One of the so-called “lost generation” of heavyweights, 1980s big name, and two-time titlist Tim Witherspoon hits the big 60 today. Looking far younger and having gotten out of the game in far better shape than a number of his fellow “lost generation” heavyweights – guys like Greg Page (RIP), Trevor Berbick (RIP), Tony Tucker and others who went down in depressing fashion – Witherspoon looks good, he talks well and he has his health and, if not as much as he should have, then at least some of his money.
Witherspoon, like many other fighters from yesteryear, says his era was the best, or certainly better than today’s heavyweight era. And as good as he was – ranging from very good to close to great on his best nights, to lazy, out of shape and well, terrible on his worst evenings – it’s certainly worth thinking about how Witherspoon would have got on with today’s champs, Deontay Wilder, Anthony Joshua and Joseph Parker.
The best of Witherspoon saw the Philly warrior give a great account of himself against Larry Holmes; with many fans and experts feeling the young, 15-fight Witherspoon did enough to have beaten one of the greatest heavyweights in history over those 12 rounds in 1983. Would that version of Witherspoon have been too much for the likes of Joshua, Wilder and Parker?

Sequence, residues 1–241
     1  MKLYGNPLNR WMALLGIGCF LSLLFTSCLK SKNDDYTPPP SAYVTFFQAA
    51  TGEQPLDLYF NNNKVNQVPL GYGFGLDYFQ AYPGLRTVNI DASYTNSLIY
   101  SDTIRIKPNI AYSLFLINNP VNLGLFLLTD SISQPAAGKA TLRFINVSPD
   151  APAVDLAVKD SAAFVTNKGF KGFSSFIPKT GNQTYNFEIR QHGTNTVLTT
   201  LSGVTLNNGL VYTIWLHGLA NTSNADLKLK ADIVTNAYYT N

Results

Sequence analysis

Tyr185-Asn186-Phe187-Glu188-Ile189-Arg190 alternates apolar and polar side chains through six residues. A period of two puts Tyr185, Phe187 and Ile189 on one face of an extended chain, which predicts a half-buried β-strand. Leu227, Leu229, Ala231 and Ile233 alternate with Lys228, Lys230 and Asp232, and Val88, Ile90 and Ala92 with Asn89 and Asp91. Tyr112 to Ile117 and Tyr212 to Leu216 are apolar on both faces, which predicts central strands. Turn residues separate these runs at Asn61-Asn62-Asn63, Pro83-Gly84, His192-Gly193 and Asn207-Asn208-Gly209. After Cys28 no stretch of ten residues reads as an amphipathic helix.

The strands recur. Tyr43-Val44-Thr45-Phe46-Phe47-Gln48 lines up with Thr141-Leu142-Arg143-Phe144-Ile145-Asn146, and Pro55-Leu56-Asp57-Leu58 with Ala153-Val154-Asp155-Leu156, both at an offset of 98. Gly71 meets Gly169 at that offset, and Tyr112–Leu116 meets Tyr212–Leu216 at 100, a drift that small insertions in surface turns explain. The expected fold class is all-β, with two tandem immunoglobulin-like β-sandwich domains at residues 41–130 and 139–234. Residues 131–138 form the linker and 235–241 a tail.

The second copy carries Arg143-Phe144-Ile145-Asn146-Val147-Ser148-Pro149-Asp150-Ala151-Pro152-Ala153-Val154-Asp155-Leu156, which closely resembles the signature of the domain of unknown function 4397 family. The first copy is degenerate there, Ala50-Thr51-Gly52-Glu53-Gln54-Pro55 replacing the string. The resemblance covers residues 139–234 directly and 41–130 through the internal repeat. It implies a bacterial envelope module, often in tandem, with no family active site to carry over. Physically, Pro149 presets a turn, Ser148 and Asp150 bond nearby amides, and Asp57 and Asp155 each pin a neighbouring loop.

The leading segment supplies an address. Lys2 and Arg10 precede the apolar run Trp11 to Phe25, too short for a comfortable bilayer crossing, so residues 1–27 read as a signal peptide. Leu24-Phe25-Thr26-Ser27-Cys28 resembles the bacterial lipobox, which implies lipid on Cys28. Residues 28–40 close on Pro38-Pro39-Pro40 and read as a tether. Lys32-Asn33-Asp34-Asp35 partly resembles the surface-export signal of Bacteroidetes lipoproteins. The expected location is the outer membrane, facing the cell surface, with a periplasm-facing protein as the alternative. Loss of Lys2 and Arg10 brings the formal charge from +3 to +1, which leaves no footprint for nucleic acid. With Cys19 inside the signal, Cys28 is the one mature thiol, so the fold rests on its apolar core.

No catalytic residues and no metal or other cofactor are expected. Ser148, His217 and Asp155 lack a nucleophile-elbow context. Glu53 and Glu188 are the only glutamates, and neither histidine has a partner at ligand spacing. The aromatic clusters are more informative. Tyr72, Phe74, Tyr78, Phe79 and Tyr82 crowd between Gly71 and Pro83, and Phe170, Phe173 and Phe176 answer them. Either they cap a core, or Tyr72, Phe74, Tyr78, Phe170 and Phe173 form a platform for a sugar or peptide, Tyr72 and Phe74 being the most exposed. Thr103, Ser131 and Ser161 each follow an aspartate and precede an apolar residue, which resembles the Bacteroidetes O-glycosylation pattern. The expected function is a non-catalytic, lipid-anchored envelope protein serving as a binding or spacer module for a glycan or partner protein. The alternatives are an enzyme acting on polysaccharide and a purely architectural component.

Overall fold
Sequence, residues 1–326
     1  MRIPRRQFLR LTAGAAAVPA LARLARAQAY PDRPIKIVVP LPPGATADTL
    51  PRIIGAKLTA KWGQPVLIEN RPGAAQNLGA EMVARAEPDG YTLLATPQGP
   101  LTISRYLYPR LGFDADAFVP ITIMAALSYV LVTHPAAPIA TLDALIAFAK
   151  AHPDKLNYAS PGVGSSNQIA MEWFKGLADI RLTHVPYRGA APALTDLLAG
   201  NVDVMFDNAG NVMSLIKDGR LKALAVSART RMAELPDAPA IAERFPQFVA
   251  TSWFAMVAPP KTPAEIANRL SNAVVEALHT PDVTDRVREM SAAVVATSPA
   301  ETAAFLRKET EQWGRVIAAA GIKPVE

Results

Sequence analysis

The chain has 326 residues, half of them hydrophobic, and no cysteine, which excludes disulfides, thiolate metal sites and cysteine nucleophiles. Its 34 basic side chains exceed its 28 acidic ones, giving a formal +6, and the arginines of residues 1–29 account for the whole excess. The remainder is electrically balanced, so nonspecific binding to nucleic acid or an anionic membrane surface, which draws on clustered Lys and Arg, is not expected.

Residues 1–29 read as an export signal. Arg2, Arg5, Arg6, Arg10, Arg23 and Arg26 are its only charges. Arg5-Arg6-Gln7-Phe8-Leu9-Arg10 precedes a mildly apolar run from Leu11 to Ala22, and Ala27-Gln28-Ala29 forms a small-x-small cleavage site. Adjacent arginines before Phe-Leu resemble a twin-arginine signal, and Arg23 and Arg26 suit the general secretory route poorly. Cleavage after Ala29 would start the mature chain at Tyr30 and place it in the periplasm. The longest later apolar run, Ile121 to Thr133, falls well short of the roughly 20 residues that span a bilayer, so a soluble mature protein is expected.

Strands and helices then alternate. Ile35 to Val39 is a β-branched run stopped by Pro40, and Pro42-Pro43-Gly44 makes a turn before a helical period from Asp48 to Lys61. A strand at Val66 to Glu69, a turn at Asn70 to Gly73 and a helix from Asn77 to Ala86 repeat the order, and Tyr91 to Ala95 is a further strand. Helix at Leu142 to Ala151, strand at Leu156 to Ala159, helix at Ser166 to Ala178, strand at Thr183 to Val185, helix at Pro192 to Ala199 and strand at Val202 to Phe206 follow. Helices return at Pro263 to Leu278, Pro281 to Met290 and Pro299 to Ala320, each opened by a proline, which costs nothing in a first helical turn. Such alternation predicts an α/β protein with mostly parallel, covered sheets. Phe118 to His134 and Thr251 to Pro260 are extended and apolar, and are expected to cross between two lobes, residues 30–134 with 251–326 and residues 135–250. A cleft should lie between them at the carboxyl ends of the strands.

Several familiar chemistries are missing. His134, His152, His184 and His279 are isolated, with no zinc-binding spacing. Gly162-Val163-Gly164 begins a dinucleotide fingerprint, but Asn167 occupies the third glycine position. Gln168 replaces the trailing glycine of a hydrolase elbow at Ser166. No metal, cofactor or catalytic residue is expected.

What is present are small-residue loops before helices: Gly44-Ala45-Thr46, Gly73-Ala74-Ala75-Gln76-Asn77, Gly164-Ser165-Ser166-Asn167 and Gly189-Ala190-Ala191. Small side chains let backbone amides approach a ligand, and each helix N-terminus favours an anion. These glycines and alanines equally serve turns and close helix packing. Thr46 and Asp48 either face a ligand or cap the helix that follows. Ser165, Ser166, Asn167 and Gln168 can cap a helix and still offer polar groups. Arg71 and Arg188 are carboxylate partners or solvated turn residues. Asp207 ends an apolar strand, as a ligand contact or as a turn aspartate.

The two nights that saw Tim crowned as champ saw him defeat the aforementioned Page and then, a couple of years later, Tony Tubbs. This version of ‘Spoon, though still rough and tough, was a more sloppy, less finely tuned fighter. Still, even when carrying excess weight and beginning to have serious misgivings over the way he was being treated by a certain Don King, and being less motivated to fight his hardest as a result, Witherspoon managed to smash the chiselled Frank Bruno.
Might “Terrible Tim” have done a similar number on today’s Bruno (as he has been referred to by some) in Joshua? Maybe. It sure would have been fun, fun, fun seeing a fit and motivated Witherspoon throwing bombs against AJ and Wilder. With his trademark “Can Opener” punch, his fearsome overhand right, Witherspoon would have been a very dangerous proposition for today’s champs.
As it is, the 60 year old who fought as a pro over a quite amazing four decades, has some career and list of fights (69, with 55 wins, 38 by KO) to look back on. And, unlike too many of his contemporaries and former ring rivals, Tim is in good enough shape be able to both remember and talk about his great fights and nights.
Happy Birthday, Champ!